Monthly Archives: September 2011

NASA Space Launch System: Next-Gen Heavy-Lift To Mars

“It’s also a shift in emphasis from the moon-based, solid-rocket-oriented plans proposed by the George W. Bush administration. NASA figures it will be building and launching about one rocket a year for about 15 years or more in the 2020s and 2030s, according to senior administration officials who spoke on the condition of anonymity because the announcement was not yet made. The idea is to launch its first unmanned test flight in 2017 with the first crew flying in 2021 and astronauts heading to a nearby asteroid in 2025, the officials said. From there, NASA hopes to send the rocket and astronauts to Mars – at first just to circle, but then later landing on the Red Planet – in the 2030s.”

“The key financial part of this arrangement is that NASA hopes to save money by turning over the launching of astronauts to the International Space Station, which orbits the Earth, to private companies and just rent spaces for astronauts like a giant taxi service. NASA would then spend the money on leaving Earth’s orbit and the Earth-moon system.”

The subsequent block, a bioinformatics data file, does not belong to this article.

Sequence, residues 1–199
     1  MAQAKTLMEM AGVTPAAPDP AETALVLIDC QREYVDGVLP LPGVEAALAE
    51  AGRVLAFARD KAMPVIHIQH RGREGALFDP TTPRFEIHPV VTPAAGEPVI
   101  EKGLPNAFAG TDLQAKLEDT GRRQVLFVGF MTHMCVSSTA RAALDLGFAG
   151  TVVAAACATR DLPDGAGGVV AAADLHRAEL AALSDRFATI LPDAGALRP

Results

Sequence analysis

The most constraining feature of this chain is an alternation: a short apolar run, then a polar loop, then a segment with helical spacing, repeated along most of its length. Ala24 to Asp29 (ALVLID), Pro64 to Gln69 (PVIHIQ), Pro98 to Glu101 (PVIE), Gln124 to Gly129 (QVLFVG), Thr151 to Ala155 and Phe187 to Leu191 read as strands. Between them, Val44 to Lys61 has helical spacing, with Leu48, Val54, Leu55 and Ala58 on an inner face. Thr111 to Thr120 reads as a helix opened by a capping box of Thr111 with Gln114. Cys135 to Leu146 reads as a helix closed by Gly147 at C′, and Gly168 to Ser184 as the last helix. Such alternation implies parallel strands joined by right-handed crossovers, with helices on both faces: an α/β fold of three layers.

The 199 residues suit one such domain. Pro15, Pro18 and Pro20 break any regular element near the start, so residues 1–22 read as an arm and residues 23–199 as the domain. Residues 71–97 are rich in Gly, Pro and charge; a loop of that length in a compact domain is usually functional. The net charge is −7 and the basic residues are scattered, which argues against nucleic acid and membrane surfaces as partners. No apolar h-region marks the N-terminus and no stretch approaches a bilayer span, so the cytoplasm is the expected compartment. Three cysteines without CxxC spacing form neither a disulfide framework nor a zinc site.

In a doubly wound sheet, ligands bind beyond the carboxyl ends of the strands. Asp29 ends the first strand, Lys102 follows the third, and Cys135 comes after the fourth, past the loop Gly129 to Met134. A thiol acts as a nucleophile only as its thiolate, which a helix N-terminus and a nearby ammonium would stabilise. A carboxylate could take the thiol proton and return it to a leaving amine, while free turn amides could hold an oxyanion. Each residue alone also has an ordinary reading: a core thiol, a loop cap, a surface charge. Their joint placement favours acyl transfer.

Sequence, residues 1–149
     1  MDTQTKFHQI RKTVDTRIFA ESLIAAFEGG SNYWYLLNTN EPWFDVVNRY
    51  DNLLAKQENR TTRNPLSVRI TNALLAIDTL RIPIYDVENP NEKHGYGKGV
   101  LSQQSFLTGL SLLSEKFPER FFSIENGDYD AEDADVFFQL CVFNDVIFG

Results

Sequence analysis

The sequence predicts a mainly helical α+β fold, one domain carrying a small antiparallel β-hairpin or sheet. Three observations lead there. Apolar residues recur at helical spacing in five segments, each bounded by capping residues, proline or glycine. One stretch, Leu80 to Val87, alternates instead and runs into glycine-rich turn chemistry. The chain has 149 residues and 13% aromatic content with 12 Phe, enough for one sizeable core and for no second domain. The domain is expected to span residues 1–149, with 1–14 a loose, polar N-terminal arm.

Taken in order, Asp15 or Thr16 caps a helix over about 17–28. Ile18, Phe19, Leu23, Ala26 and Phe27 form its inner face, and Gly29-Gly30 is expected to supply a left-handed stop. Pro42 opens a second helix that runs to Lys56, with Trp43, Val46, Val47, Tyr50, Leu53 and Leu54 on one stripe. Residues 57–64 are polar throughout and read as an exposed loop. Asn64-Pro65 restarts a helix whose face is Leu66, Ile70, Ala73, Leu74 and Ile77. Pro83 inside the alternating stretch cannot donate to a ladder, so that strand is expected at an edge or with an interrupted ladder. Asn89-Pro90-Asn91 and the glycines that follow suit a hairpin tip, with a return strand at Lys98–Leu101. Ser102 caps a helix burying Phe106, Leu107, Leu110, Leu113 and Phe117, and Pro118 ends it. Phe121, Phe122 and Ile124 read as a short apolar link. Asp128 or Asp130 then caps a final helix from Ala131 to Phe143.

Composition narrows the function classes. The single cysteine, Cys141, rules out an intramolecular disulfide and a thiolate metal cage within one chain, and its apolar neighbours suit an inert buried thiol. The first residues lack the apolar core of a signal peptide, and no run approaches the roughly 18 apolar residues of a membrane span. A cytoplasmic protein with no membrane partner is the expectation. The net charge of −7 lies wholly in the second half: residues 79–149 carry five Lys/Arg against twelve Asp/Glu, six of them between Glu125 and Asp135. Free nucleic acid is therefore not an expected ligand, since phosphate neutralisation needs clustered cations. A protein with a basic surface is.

Spacelog: Project to Publish Transcripts of Early Spaceflight

Read the stories of early space exploration from the original transcripts. Now open to the public in a searchable, linkable format. “Reminds us of why the internet is so insanely awesome.” –Engadget

“To date there have been over two hundred human spaceflight missions. Only a small number of these are currently available on Spacelog, although we’d be delighted for assistance in getting more up and alive.”

Spacelog is a volunteer project that anyone can contribute to!